Note:
Recall in section 3.2 we discussed how to pass a function as an argument.
42

4.1. Two-Dimensional Graphics
This function uses adaptive step control to generate as many data points as it considers necessary to
plot the function accurately. You can also store the data points calculated by
>> [x, y] = fplot(<function name>, <limits>)
rather than having the function plotted directly. You then have complete control over how to plot the
curve using the
plot
function.
The other command which can plot a function is
ezplot
, which is more general than
fplot
. To plot a
function on the interval [
−
2
π,
+2
π
] enter
>> ezplot(<function name>)
To include limits (as with
fplot
) enter
>> ezplot(<function name>, <limits>)
In addition, a parametrically defined function can be plotted by
>> ezplot(<fnc 1>, <fnc 2>, <limits>)
Finally, this command can also plot an implicitly defined function, i.e.,
f
(
x, y
) = 0, by
>> ezplot(<2D fnc>, <limits>)
For example,
>> f = @(x, y) (x
ˆ
2 + y
ˆ
2)
ˆ
2 - (x
ˆ
2 - y
ˆ
2);
>> ezplot(f)
plots the lemniscate of Bernoulli (basically an “
∞
” symbol).
Warning:
Be particularly careful when plotting implicit functions because they can be
and
occasionally
ezplot
may not get it right.
There is an important difference between
>> fplot(f, [-5 5])
and
>> ezplot(f, [-5 5])
In the former
f(x)
is only evaluated for scalar values of
x
, while in the latter
f(x)
is evaluated for vec-
tor values of
x
.
Thus, when using
ezplot
care must be taken if
f
is evaluated in a function m-file. If
f(x)
cannot be evaluated for vector values, the error message
Warning: Function failed to evaluate on array inputs; vectorizing the function may
speed up its evaluation and avoid the need to loop over array elements.
will be generated
fplot
and
ezplot
do not always generate exactly the same curves. For example, in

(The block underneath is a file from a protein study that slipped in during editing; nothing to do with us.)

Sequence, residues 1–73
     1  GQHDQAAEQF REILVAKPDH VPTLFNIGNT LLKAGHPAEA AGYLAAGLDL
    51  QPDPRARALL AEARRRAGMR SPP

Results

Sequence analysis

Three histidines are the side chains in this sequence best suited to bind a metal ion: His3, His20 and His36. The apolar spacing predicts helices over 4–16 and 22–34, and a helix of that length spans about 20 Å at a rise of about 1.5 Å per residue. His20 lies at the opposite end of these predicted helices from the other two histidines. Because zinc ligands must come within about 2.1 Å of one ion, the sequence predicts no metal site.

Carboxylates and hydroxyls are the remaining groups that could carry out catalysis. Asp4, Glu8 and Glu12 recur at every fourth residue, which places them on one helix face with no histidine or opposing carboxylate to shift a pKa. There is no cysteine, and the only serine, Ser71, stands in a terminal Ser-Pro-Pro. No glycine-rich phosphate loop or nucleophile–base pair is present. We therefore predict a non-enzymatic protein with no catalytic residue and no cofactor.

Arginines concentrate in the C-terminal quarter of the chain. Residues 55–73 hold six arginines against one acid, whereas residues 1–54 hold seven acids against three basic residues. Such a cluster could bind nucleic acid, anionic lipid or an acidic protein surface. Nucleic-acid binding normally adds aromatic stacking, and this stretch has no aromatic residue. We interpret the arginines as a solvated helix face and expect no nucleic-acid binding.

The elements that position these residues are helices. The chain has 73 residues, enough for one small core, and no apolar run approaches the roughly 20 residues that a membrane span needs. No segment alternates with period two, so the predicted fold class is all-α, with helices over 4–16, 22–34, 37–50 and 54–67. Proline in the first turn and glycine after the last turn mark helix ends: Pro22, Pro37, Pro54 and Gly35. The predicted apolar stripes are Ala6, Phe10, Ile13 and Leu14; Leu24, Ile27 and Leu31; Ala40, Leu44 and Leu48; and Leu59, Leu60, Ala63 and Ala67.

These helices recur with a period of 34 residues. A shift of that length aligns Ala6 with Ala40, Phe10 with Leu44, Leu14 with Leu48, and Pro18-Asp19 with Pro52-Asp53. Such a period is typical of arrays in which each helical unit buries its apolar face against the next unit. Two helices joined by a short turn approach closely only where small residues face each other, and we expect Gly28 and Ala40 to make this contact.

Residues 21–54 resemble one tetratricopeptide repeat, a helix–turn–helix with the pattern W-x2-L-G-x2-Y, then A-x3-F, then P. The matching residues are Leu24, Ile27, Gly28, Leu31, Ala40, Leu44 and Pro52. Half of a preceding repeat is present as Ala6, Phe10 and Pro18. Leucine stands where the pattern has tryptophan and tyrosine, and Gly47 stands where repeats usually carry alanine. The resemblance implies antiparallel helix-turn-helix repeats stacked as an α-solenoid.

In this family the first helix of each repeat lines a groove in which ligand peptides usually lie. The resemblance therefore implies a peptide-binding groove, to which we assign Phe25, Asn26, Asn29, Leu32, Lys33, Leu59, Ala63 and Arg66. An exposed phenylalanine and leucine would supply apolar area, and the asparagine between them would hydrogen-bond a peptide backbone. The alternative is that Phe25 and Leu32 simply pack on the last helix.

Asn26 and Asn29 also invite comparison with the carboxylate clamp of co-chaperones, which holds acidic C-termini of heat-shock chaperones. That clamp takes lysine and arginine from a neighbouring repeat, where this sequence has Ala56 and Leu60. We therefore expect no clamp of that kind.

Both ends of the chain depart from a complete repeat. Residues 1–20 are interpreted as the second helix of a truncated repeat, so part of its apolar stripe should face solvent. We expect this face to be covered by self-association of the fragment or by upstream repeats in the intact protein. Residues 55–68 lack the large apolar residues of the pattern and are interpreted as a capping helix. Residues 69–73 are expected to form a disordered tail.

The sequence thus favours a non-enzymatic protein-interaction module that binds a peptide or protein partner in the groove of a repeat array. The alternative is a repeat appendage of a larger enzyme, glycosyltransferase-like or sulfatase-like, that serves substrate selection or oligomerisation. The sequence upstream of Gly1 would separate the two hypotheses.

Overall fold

>> f = @(x) log(x) + 1;
>> fplot(f, [-2*pi 2*pi])
>> ezplot(f)
fplot
generates a spurious plot for
x
∈
[
−
2
∗
pi,
0) where it plots the real part of log
x
while
ezplot
only plots the function for
x
∈
(0
,
2
π
].
Also, in
>> f = @(x) x ./ (x
ˆ
2 + 0.01);
>> fplot(f, [-2*pi +2*pi])
>> ezplot(f)
the vertical axes are different and
ezplot
is missing part of the curve. Finally, in
f = @(x) x
ˆ
3/(x
ˆ
2 + 3*x - 10);
ezplot(f, [-10 +10])
the function blows up at
x
=
−
5 and 2 and part of the curve for
x
∈
(
−
5
,
2) is not shown.
Polar plots can also be generated by the
polar
command. There is also an “easy” command for gener-
ating polar plots, namely
ezpolar
.
Since you often want to label the axes and put a title on the plot, there are specific commands for each
of these. Entering
>> xlabel(<string>)
>> ylabel(<string>)
>> title(<string>)
put labels on the
x
-axis, on the
y
-axis, and on top of the plot, respectively. Note that a title can contain
more than one line as was discussed in section 3.
43

4.1. Two-Dimensional Graphics
For example, typing
title(t)
where
t = [
′
The Dead
′
′
Parrot Sketch
′
]
or
t =
{
′
The Dead
′
′
Parrot Sketch
′
}
or
t =
{
′
The Dead
′
;
′
Parrot Sketch
′
}
results in a two-line title. The former uses a “standard” array and so requires all the rows to have the
same number of columns, whereas the latter uses a cell array and so each row can have a different length.

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